Drug Abuse Checklist
Books on Drugs

By Nicholas Williams, 17, Daniel Murphy HS
Print This Post

Having lived and gone to school near a drug rehab center before, I thought I knew what drug addicts looked like—hyper, always smoking a cigarette, tired-looking. I didn’t expect to meet someone like Danny Toguchi.

Danny, 30, is a fairly short Asian American male with a rugged face, mustache and long black tattoos on both arms. Danny was 28 when he first entered the Asian American Drug Abuse Program , but went in and out of rehabs all his life.

‘I was comfortable ruining myself’

When I asked him how he ended up at the program, Danny adjusted himself in his chair, took a deep breath and started explaining.

"I did every drug you can think of," Danny said in the gravelly voice of a longtime smoker. "Mostly cocaine." It didn’t take long before he was on the street begging for change. He lived in a cardboard box under a bridge. "I always saw people like that (homeless), I never thought I’d be one of them."

When he said that, I thought about how many of us go home, lay down in our beds and go to sleep. Imagine crawling into a cardboard box, in the cold night. You’re cold and dirty, you wish you were dead and things aren’t getting any better.

One day, Danny was standing in a parking lot, tired and hungry, begging for money, when he ran into his father after many years of silence between them. "It was God sent," said Danny. His father helped him register into the drug abuse program. After 18 months of hard work in rehabilitation, Danny had a relapse. He returned to his old neighborhood and got back into cocaine.
"I was comfortable ruining myself," he said.

Nevertheless, Danny checked himself back into rehab last July. "I’m a street survivor, but now I realize I need help," he said.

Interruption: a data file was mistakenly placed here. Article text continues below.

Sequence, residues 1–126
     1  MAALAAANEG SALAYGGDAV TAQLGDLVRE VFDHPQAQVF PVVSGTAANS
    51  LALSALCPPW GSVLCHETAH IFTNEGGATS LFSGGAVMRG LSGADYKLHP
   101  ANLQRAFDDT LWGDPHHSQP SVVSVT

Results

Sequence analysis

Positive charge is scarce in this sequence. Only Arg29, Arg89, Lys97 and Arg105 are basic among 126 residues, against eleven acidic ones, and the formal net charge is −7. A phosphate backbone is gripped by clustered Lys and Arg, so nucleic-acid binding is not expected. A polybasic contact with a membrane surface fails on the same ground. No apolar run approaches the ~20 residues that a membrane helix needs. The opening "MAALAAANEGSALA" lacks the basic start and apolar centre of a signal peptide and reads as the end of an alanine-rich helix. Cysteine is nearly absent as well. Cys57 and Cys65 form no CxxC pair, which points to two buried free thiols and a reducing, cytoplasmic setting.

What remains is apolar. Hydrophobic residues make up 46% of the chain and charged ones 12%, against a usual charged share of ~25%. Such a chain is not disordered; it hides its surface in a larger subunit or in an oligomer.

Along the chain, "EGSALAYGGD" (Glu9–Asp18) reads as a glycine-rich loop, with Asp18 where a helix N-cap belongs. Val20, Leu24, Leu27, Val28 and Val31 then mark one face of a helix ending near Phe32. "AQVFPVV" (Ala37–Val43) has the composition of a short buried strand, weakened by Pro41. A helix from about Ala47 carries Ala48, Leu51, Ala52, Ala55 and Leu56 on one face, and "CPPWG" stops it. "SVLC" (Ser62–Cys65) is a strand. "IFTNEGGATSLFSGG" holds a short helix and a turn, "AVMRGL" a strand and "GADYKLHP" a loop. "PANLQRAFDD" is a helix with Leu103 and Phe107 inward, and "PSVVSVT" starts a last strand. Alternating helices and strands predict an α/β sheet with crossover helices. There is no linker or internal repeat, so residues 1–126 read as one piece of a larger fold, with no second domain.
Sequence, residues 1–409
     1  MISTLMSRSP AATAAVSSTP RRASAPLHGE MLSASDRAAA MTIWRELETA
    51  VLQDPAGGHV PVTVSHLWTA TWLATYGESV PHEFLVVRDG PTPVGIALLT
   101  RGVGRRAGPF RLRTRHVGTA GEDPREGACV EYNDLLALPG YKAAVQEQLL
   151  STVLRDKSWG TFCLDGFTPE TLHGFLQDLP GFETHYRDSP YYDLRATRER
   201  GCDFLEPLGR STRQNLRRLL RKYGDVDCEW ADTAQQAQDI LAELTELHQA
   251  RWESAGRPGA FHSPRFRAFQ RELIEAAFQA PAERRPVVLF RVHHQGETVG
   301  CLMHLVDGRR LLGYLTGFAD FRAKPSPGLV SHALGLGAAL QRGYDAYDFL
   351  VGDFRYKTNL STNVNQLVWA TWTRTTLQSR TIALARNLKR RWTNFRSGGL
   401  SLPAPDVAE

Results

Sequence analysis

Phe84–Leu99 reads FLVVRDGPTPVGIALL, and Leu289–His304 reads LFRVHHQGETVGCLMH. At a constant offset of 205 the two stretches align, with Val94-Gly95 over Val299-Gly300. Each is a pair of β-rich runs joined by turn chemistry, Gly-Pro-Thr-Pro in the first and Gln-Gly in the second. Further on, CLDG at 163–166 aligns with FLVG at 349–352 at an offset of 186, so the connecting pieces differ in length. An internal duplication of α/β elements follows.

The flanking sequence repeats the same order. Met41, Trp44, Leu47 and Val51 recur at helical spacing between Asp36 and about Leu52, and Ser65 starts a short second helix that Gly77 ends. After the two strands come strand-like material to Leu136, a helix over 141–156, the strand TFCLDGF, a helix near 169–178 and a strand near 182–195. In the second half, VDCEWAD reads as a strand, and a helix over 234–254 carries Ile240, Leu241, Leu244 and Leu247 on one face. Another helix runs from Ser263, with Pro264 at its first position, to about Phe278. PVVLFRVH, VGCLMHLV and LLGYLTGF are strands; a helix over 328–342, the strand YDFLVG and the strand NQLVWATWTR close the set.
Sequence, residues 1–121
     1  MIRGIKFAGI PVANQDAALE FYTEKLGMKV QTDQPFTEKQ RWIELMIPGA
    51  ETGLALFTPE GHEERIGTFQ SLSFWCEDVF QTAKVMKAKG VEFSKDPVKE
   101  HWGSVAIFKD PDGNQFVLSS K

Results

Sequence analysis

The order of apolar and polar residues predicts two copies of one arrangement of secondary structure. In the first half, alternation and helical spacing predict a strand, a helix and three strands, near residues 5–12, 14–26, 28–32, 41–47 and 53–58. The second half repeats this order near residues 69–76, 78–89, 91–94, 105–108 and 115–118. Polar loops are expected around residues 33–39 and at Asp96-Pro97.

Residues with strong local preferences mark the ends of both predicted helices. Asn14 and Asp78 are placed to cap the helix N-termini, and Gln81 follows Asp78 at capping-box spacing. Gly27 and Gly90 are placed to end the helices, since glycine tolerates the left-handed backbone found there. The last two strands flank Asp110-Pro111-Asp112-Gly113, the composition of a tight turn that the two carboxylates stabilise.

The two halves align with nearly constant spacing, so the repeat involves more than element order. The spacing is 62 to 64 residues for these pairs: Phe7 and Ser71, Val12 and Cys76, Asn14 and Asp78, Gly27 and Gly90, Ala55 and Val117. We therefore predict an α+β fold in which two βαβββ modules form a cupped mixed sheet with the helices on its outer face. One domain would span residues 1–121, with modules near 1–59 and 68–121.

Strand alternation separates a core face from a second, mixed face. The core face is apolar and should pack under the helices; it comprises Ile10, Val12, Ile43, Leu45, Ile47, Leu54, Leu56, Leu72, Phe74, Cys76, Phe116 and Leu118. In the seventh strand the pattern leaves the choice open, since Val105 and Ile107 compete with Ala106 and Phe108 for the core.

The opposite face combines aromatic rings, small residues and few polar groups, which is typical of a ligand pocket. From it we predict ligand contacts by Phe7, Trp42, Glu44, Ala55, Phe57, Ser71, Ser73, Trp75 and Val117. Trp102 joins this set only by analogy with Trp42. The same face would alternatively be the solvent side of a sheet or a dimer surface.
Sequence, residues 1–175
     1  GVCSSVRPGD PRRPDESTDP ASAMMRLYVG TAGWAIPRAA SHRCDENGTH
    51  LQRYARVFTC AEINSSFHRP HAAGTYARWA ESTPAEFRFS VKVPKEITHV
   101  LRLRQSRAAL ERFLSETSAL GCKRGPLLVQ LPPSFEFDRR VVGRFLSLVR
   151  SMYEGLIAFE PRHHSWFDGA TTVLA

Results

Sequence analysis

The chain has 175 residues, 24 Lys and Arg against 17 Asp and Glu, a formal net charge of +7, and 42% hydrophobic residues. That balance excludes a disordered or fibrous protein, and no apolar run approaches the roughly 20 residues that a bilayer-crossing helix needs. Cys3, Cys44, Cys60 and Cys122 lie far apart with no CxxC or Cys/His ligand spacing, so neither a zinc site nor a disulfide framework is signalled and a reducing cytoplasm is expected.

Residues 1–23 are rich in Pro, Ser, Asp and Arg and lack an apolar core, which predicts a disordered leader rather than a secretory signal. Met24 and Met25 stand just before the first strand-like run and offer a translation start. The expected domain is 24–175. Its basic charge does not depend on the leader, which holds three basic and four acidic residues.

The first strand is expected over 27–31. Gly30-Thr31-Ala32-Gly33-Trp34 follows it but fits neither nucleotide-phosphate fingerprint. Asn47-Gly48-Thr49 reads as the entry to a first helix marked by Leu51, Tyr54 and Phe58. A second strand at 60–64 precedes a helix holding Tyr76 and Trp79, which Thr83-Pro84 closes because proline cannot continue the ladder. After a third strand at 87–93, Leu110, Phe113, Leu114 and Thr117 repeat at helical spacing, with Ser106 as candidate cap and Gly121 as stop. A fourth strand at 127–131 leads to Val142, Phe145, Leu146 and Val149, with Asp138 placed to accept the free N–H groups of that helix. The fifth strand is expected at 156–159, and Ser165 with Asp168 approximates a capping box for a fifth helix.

Born in South Central Los Angeles, Danny experienced tragedy at an early age. Both his parents were involved in drugs. His mother overdosed on pills when he was only eight. "I had a grudge with God ever since," Danny said.

His father, who was clean at that time, raised Danny by himself in Gardena. Though Danny had five step-mothers, none could repair the loss of his real mother. He began to drink alcohol and smoke at the age of 12. Though he had a record for being a troubled child, Danny still loved school. Unlike his older brother who ditched school, Danny attended frequently and earned mostly B’s and C’s.

Sadly, Danny followed in his brother’s footsteps and dropped out of school. He was in and out of juvenile hall on robbery and burglary charges. His first assault charge was at the age of 17. After that, he was put into a military school. Even there, he used drugs secretly.

Later in his life, Danny got mixed up with "the wrong crowd." He was involved in gangs, was stabbed, shot at and involved in confrontations with gang rivals. He was frequently in the county jail. "I was killing myself," he said, sounding as if even he couldn’t believe it. Danny said he blamed God, and everyone else. "I never took responsibility for my actions."

After entering rehab, Danny lived at the recovery center, where everything he did was scheduled. He got along with some of the other residents, read books and did reports on them.

For the first time in his life, Danny developed goals. He said he wants to become financially secure and stay clean. He also wants to get married and eventually have kids. He said he will tell his children to stay away from drugs, and not to go through what he went through. "I wish I had someone to tell me not to do drugs. That could’ve been the turning point in my life."

Faith keeps him going

Using drugs has taken a toll on Danny’s health. He now has bronchitis. He was very thin at one time. He has bad skin because the drugs are starting to come out of his system. But since being in rehab, he has gained 25 pounds.

Danny has a strong spirit, and he has been through a lot. But as strong as he might seem, Danny had contemplated suicide before. He said that during his relapse, he wanted to end it all. After hearing about his thoughts of suicide, I asked, "What keeps you going?"

His answer: "Blind faith."

Turning to me with an intense look, Danny said, "It feels good that I am alive, and that I know people love and care for me."
After our interview was over, my heart felt heavy and my eyes grew watery. I sat at the table for a moment, to thank God for the life I am glad to live. It was overwhelming. I was never that scared about drugs, until I heard Danny’s story. It’s hard to realize that there are many people in the world who have the same story as Danny. People may criticize drug users, but they have no idea what they have been through.

I later learned that Danny left the drug rehab program early to enter the Navy.